At the 2008 Final Four in San Antonio, Derrick Rose was asked if he would enter the upcoming NBA draft, a reasonable question considering Pat Riley was among the many executives who had come to the Alamadome with the sole purpose of scouting him. Instead of simply sidestepping the question, as scores of talented college basketball players typically do, Rose dove from it. He shook his head convincingly. He explained how his back-up at Memphis, Andre Allen, was more prepared for the pro game. He said: "I think about Baron Davis and Steve Nash and Jason Kidd and I'm not ready for that."
Two months later, the Bulls took him with the No. 1 pick.
At the midpoint of the 2010-11 NBA season, Rose was asked if he would win MVP, another reasonable question considering he was carrying the team without Joakim Noah and Carlos Boozer while averaging career-highs in points and assists. Rose, who had declared himself a candidate for the award in training camp, stifled a laugh. "Yeah, right," he said. Rose would not even admit that he was playing well. "I wish," he said.
Two months later, he won MVP.
Athletes in general -- and NBA players in particular -- possess self-confidence that borders on self-delusion. Stars always believe they should have been drafted sooner and paid more, even if they were drafted first and paid the max. Michael Jordan thought he could play at 50. Kobe Bryant thought he could score 100. Both could have snapped a leg and swore it was a sprain. The charm of Derrick Rose, beyond his headlong drives and contortionist finishes, is self-deprecation that borders on self-doubt. He is the supermodel who doesn't think she's pretty. "I'm cockier than he is," Brian Scalabrine once said of his former teammate. "And I don't even play."
At Memphis, teammates called Rose "captain," to encourage him to shoot. In Chicago, coaches tried to lecture him after mistakes, but gave up because he was already berating himself. He credited his MVP season to buddies from Simeon Career Academy (Ill.), who challenge him to one-on-one duels late at night, and beg him to play the same way during games. "They gave me confidence," Rose said.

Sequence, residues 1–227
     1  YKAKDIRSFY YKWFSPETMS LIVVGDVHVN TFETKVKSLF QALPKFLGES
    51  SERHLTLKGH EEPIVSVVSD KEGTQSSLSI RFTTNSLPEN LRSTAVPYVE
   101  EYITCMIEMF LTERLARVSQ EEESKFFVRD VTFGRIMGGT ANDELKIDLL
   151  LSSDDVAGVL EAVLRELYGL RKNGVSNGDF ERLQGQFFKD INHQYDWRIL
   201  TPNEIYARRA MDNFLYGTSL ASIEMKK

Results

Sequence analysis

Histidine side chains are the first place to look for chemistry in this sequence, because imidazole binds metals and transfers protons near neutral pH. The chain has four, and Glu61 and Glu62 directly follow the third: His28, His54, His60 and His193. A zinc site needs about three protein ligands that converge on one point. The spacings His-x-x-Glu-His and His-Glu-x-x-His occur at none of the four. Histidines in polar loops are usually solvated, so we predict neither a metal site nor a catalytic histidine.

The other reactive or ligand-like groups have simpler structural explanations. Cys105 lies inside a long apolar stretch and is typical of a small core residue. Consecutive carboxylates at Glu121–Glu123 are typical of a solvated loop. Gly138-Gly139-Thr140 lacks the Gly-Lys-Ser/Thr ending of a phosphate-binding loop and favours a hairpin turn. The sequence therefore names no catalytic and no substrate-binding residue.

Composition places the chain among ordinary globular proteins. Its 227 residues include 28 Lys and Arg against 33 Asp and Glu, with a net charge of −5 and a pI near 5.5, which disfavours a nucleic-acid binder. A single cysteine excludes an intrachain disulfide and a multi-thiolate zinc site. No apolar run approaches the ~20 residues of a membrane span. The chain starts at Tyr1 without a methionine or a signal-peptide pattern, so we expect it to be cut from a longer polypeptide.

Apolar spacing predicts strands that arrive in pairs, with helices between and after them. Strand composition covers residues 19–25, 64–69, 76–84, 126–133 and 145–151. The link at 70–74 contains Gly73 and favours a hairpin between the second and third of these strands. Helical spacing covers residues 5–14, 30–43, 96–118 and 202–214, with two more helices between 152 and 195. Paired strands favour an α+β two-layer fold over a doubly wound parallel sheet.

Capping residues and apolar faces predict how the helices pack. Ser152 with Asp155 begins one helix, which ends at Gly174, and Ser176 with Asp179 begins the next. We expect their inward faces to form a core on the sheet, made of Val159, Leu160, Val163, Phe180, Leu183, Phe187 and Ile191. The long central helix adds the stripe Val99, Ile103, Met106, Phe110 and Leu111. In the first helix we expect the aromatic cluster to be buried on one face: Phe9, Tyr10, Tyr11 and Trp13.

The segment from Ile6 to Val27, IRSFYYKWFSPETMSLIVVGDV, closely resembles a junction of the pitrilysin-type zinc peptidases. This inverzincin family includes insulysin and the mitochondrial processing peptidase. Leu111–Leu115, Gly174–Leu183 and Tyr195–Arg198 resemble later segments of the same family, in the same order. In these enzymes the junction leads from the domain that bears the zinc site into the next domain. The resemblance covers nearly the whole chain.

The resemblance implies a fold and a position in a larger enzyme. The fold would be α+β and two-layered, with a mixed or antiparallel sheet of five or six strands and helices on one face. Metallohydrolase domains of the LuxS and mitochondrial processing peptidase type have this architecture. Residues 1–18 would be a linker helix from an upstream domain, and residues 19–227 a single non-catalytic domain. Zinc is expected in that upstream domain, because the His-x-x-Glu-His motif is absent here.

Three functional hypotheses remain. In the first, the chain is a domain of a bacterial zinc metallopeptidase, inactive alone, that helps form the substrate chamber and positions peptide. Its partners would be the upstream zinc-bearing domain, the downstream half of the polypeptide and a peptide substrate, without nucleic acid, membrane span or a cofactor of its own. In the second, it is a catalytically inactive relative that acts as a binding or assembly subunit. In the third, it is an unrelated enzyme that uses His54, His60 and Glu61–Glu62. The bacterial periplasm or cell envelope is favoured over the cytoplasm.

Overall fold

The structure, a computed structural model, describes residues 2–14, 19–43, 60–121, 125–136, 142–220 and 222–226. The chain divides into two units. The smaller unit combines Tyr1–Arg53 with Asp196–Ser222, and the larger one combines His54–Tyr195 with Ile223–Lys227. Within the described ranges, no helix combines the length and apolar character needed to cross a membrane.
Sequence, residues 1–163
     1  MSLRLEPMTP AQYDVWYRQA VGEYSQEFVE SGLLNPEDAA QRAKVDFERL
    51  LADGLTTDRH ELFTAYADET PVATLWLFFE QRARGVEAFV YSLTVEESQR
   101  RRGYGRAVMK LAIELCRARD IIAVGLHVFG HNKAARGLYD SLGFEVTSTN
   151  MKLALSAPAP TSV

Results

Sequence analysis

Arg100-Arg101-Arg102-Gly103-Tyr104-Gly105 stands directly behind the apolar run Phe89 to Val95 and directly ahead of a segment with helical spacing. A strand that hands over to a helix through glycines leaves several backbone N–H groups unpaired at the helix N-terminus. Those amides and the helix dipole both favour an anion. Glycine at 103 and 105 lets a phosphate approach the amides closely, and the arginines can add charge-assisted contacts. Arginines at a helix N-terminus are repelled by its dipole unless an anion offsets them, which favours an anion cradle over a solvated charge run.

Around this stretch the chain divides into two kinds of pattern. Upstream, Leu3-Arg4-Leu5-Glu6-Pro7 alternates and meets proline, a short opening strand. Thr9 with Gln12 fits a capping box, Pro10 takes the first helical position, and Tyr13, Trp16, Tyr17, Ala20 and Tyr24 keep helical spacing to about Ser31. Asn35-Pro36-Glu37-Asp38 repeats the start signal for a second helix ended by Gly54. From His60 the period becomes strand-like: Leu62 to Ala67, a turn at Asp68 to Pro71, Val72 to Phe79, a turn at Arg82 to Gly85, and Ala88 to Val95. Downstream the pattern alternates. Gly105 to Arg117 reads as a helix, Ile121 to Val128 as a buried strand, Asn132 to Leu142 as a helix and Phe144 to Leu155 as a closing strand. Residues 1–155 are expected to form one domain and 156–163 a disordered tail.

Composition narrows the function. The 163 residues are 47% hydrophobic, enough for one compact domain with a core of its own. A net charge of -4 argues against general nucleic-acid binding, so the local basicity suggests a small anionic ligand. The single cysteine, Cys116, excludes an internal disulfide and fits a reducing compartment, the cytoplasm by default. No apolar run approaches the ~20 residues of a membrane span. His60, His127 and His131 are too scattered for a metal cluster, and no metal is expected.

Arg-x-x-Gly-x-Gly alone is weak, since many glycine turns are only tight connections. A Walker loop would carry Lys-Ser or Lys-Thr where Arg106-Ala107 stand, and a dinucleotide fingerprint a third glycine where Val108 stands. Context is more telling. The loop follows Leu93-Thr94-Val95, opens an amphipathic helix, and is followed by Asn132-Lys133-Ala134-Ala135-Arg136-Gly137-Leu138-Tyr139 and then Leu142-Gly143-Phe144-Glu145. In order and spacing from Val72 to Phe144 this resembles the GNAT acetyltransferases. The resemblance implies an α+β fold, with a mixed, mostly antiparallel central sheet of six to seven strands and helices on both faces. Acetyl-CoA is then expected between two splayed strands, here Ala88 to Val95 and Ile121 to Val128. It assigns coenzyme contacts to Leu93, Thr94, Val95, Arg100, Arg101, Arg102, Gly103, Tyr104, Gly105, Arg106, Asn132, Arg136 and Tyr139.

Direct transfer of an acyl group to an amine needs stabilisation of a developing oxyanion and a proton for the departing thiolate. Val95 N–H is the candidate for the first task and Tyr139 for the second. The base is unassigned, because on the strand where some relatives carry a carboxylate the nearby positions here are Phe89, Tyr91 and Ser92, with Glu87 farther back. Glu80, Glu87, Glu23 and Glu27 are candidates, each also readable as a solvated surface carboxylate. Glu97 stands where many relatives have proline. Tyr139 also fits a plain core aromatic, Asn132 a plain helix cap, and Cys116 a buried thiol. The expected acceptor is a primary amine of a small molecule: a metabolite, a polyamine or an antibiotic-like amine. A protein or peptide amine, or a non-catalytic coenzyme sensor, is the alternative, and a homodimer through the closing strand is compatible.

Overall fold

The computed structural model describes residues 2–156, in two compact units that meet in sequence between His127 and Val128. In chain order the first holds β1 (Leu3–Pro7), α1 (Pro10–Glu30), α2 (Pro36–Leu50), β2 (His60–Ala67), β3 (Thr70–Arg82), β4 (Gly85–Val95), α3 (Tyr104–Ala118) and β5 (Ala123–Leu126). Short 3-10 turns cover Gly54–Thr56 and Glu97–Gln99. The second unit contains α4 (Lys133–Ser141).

He may need them again now. Ten months have passed since Rose clutched his left knee on the baseline at the United Center, his ACL and MCL shredded, his eyes hidden under a forearm tattooed with the word "Hope." He has practiced with the Bulls since Christmas. He is participating in five-on-five scrimmages. He is dunking with both hands, albeit off his right leg, as evidenced by the viral video shot before Sunday's game in Oklahoma City. Rose's trainer, Rob McClanaghan, said he is "stronger than ever." His workout partner, Russell Westbrook, said he is "almost close to coming back." One of his teammates told the
Even the six-episode documentary that Adidas filmed around Rose's rehab, "The Return," is over. Yet the actual return date remains uncertain, with Rose maintaining that he's far from full strength and leaving open the possibility that he will sit out the entire season. Only Rose can attest to the health of his knee, just as only Dwight Howard can attest to the strength of his back, and there is no sense in disputing either of them. But there's also no question Rose has a history of underestimating himself. Humility is the most endearing quality in a superstar, but it's not all that helpful when the superstar is planting on a reconstructed knee and trying to summon an air of invincibility.
The Bulls look like a team that has been treading water for 10 months, waiting for their life raft, only to get the message it might not come. They still rank sixth in the Eastern Conference, but they've dropped six of their last nine games and four have not been close. Power forward Taj Gibson is out with a sprained left knee and center Joakim Noah is hobbled by plantar fasciitis. The Heat are running off with the Eastern Conference while the Bulls, one of their only conceivable challengers, sink slowly.
Rose may be prone to battles with self-doubt, but if that's indeed what this is, it's important to note he generally wins those struggles in the end. After the '08 national championship game, when Memphis fell to Kansas in overtime partly because Rose could not make his free throws, he sat with Reverend Jesse Jackson in a golf cart and sobbed. "Your scars make your stars," Jackson whispered, and soon enough Rose was a No. 1 pick, a Rookie of the Year, a MVP and a symbol for all that is still genuine and modest about sports. It turned out he was superior to Andre Allen and plenty equipped for Baron Davis.
So when Rose claims he is not ready yet, nobody should call him a liar, but nobody should be taken aback if in two months he's going one-on-three against the Heat. He surprises no one as much as himself.